I want to make this a brief post because it's getting late and I am tired, but I wanted to say a couple things about Lupron tonight because I can't stop thinking about it.

First off, for those that don't know, Lupron is a hormone therapy drug that is used to treat men with prostate cancer and women with severe endometriosis. The drug is known to have some pretty awful side effects, and it's said that many stop mid-therapy because the side effects are worse than what it's treating. I can somewhat attest to that--while the pains it causes are not worse than my pre-surgery inflammation, the cramping it has caused is as bad as my immediate post-surgery ones. It puts women into a temporary, artificial and messed-up menopause, causes back pain, forgetfulness, moodiness, depression, cramping, severe nausea, and many many more fun, fun side effects.

However, depleting my body of estrogen (which my body makes WAY too much of--I think that is linked to why I bruise from being poked) is the only way to kill this awful awful endomestriosis that has burrowed into my tissues. The cells are so dispersed and numerous that the doctor could only lesion the large implants--the rest was untouchable, without removing my organs. The doctor gave me two options: try and get pregnant (who knows if that's even possible now, let alone feasible) or go on Lupron.

I got my second injection yesterday. Those syringe and needles are about the size of my forearm--not only are they huge, but do you know where they go? On my BUM! It's a stinging solution and it's hard to keep still when they inject it. The only more painful shot I have gotten was an antibiotic I had shot in my bum for pneumonia, and it wasn't much more painful. This one has made it hard to sit down last night, and I'm still sore today! Ouch!

The more troublesome problem though, besides the pain, cramping, dizziness, etc. etc., is the nausea. Because of nausea, I have lost almost 10 pounds in 4 1/2 weeks. When I had my urine tested yesterday, the doc informed me that my body is quite literally starving, and I need to find a way to choke down my food. Easier said than done. I really do hate eating lately. Over half the time I eat, I feel sick afterwards. Not to mention the Lupron might be agitating my colitis. With stuff running through or racing back up, how am I supposed to gain weight? When the medical staff told me to drink shakes with protein powder, I felt like shouting back, "No, YOU DRINK THE POWDER!!" ha.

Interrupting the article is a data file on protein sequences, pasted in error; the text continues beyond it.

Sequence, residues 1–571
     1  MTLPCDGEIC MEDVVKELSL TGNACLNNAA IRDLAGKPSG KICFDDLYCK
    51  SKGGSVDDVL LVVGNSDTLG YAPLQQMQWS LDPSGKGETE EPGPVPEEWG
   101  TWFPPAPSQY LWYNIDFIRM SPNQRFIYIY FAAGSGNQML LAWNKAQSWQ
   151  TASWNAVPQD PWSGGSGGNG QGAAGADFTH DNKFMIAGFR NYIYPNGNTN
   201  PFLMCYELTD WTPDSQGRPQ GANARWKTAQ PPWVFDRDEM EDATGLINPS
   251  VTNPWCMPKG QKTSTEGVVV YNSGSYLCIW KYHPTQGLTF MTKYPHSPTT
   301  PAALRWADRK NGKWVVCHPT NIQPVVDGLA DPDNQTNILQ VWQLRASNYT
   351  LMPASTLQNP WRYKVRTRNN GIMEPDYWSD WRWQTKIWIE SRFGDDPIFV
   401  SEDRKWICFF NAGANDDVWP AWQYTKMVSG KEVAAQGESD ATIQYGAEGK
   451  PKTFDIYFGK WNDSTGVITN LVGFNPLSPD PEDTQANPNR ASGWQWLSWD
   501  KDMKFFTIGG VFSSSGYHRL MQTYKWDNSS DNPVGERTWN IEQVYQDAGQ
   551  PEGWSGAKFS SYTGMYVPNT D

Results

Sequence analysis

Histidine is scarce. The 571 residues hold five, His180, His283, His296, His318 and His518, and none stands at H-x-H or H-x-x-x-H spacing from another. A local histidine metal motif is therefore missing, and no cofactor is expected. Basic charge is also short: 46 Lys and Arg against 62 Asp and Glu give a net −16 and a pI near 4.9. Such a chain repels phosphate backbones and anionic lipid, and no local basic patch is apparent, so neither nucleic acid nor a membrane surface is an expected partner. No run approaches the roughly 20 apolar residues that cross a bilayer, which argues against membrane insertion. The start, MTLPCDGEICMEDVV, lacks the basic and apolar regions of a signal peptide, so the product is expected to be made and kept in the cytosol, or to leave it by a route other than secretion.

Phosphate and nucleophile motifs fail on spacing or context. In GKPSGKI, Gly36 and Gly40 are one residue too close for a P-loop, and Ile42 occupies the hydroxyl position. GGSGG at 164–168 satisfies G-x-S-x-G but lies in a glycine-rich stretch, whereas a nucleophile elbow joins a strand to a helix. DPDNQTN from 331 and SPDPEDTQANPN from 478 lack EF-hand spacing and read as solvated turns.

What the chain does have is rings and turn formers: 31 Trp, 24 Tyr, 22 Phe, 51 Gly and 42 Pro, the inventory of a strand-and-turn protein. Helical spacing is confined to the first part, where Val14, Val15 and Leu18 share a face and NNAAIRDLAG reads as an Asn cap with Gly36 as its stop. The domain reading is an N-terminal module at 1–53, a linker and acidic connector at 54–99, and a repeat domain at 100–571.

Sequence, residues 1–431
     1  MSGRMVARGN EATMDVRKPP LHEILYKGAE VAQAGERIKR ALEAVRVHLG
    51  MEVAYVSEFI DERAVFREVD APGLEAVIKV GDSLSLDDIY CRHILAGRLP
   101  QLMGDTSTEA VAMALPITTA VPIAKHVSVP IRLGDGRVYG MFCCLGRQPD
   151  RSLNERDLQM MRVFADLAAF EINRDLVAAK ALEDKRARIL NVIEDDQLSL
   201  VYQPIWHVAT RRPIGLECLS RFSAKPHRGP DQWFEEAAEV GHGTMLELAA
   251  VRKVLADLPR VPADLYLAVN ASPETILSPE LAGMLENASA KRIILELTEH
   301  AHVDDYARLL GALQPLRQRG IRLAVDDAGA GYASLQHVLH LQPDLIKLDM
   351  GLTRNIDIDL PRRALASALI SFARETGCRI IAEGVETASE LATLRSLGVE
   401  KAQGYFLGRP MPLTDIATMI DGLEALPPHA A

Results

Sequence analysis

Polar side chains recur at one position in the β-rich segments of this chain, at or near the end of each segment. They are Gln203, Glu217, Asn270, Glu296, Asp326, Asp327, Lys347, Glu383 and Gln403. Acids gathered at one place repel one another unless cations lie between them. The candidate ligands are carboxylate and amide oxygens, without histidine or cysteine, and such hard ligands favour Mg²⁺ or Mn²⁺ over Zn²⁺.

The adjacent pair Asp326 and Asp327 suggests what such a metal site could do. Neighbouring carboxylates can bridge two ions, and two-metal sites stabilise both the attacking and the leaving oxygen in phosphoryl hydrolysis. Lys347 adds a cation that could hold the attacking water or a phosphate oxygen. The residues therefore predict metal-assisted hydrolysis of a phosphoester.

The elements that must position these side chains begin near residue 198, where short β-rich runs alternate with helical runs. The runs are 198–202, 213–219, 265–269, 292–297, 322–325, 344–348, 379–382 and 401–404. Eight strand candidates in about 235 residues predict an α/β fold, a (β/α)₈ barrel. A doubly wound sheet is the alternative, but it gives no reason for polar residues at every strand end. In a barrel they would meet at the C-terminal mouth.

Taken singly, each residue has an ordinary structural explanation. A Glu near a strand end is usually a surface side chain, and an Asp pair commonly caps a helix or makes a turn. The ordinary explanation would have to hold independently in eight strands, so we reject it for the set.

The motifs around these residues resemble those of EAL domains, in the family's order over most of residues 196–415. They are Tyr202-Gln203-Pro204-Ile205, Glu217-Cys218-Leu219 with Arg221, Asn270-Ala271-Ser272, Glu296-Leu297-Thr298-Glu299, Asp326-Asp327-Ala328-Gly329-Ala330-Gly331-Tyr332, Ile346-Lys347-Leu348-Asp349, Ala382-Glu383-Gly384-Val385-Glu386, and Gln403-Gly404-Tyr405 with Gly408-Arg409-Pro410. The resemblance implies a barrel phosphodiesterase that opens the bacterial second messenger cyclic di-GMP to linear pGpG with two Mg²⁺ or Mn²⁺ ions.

However... for those considering Lupron as a treatment option, who actually need it, I can say it's worth it. No matter how miserable I may feel right now, I can't believe I may actually be in a state, in several months, where I don't feel the endometriosis inside of me. When you're sick and in pain for a long long time, you grow accustomed to it. Not in a way where you don't feel it, but you train yourself to ignore it. But it still hurts, and it still affects you in many ways. This drug, even if it makes me feel truly horrible, even if I'm running risks of breast cancer down the road, will actually make it possible for me to get out of bed every day, and not be in too much pain to move.

My only other option was having a hysterectomy. At 22. Not ideal, especially because I can't admit defeat in having kids someday until I actually try.

Lupron is great because it allows you to actually wage war on the disease inside you. It's not something you passively take--you suffer for it, and you won't like it. But because of that suffering, it actually kind of makes me feel like I'm aggressively defying my organ's war on me, I'm done taking the crap my body has made me suffer and I'm taking this endometriosis down. Forgive my language, but I'm ready to kick this diseases ass, even if it means I will feel like I'm going crazy and have the stomach flu every day. Even if it makes the endometriosis pains worse the first several weeks, even if it makes me unable to get out of bed till noon some days, I'm taking it down!

Lupron takes at least seven months, and (following up with birth control) it can keep the disease at bay for at least 5 years. Seven months of this, I can handle. The rest of my life with endometriosis pains, scars, and adhesions? No thanks.

Update, 2012: It would have been worth it. Had it worked. I wanted so badly to believe it had and my positive attitude created a placebo effect. But I was wrong. And I wish I had never taken it. I have unforeseen consequences to pay. 

Sunday, July 17, 2011


Note: This post is from the original blog that led to developing BedRiddenHead. It is a personal account and not a review of research. I've included it out of respect to the journey that led me to here.

This past couple weeks have been about striking a balance between pushing my body to heal and not pushing it too hard. After all, I am actually still experiencing quite a bit of pain. From the surgery a bit, that much is sure. I still can't heal up my incision wounds. I limp still some days and some nights I wake up frequently, despite sleep medications, crying from pain. The doctor says this is largely due to immune system shock and lack of protein.